Neurobiology of Disease & Regeneration | Motor Systems | Cerebrovascular Disease | Hematopoietic Stem Cells
Benefit of intravenous injection of clinical grade mesenchymal stem cells after experimental stroke
C Feuerstein, O Detante*, B Naegele, EL Barbier, A Moisan, N Coquery, MJ Richard, E Grillon, F de Fraipont, M Hommel, C Remy
*Corresponding author: O Detante
Grenoble Institut Neurosciences, INSERM U 836, Grenoble, France
Unité Neuro-Vasculaire, Neurologie, Centre Hospitalier Universitaire, Grenoble, France
F1000Posters 2010, 1: 681 (poster) [ENGLISH]
Neuroscience 2010, 13 - 17 Nov 2010, 57.13
Society for Neuroscience
Stroke is the leading cause of disability in adults. Stem cell graft leading to functional recovery after stroke is a promising therapy. However, despite pilot clinical trials showing a clinical improvement, there is limited data available regarding the safety and efficacy of stem cell grafts. Human bone marrow mesenchymal stem cells (hMSC) offer the advantage of not originating from a tumoral or modified source, and benefits have been observed when hMSC is administrated during the acute phase after an experimental stroke.
The purpose of this preclinical study was to assess the functional effects of intravenous (IV) injection of clinical grade hMSC, at the subacute phase in a rat model of stroke.
Rats (n=25) were trained on the Adhesive Removal Test (ART), Neurological Severity Score (NSS), and a spatial memory test (delayed match to sample) on an 8-arm radial maze (RAM). They underwent a 90 minute transient middle cerebral artery occlusion and were allocated into two groups: 1) the treated group (n=13) received an IV injection of 3.106 hMSC one week after the focal cerebral ischemia; 2) the placebo group (n=12) received an IV injection of the cell suspension medium (PBS-glutamine). To identify the cells, hMSC were labelled prior to injection with Iron Fluorophore Particles (IFP) providing a fluorescent label for microscopy and an iron label for MRI. Flow cytometry was performed to assess label efficiency and cell viability. Follow-up (7 weeks) included the behavioral tests and in vivo MRI to follow the lesion size and hMSC migration. Immunohistology was used to identify cells from hMSC.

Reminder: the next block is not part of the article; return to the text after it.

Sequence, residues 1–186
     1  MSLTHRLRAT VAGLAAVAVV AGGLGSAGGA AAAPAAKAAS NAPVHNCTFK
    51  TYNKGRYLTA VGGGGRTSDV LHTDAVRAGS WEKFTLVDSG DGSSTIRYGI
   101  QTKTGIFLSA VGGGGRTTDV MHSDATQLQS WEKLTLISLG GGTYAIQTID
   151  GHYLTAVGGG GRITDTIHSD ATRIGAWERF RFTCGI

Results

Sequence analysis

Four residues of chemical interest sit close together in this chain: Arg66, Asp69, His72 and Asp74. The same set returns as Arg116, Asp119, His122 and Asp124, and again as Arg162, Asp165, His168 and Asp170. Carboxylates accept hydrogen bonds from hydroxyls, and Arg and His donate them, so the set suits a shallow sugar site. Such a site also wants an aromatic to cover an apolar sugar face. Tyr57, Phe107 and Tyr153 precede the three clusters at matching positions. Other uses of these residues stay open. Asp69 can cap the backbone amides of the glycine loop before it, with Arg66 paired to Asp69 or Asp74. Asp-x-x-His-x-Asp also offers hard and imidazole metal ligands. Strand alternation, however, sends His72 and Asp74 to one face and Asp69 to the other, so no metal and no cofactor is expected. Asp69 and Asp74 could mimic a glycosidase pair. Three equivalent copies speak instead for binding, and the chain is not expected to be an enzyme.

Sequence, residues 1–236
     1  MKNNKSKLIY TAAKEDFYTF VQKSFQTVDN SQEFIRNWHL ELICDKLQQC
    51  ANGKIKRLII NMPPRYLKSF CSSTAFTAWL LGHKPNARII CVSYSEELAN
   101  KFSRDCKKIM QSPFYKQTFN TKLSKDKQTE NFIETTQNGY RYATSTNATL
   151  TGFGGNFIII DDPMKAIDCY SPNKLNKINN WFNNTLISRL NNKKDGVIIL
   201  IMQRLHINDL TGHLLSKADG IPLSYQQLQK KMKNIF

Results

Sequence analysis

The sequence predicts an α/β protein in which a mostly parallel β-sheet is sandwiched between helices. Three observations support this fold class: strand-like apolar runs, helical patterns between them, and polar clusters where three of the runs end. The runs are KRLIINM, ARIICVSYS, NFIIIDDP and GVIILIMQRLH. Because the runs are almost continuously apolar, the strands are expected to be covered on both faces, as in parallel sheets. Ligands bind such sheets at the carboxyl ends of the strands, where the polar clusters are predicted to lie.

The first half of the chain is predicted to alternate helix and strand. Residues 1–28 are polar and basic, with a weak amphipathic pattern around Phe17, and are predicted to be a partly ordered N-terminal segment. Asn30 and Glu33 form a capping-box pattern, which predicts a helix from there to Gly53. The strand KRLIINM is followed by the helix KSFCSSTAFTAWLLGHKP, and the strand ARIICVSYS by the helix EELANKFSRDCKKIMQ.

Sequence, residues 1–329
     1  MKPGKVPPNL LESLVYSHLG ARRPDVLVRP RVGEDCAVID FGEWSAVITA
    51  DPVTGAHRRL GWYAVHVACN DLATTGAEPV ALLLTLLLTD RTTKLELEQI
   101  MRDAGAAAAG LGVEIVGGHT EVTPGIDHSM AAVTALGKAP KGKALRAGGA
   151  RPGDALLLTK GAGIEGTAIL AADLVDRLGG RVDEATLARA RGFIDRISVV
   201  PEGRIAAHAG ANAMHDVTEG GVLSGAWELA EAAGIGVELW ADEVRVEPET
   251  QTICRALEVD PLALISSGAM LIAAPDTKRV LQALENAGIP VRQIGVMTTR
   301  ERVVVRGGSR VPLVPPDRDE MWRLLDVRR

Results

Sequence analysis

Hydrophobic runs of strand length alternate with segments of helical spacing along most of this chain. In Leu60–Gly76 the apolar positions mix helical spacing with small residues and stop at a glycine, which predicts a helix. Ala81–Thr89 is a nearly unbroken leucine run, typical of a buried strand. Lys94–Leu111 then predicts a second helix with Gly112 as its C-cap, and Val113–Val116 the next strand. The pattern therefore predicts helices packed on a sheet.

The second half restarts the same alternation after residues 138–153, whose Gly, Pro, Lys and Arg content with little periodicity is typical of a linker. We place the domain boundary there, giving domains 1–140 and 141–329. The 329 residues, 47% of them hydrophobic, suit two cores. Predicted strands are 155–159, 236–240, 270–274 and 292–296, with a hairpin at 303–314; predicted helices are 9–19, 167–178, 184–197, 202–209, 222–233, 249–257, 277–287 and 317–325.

No adverse effect was observed. Greater sensorimotor and cognitive recoveries were observed in the treated group compared to controls (repeated measures ANOVA for NSS: p=0.007; t-test for RAM post-delay time at 6 weeks: 180.4 ± 27.1 s vs 266.9 ± 17.9 s, p = 0.019). No significant effect was observed on lesion volume. Labeled hMSC could not be distinguished from micro-bleeds during the MRI follow-up. Histology data showed that hMSC could survive in the ischemic lesion for 7 weeks, and that a very few hMSC differentiated into neurons, endothelial or astrocytes.
IV injection of hMSC, one week after experimental stroke, may provide sensorimotor and cognitive benefits. Clinical trials using this approach are warranted.
No relevant conflicts of interest declared.
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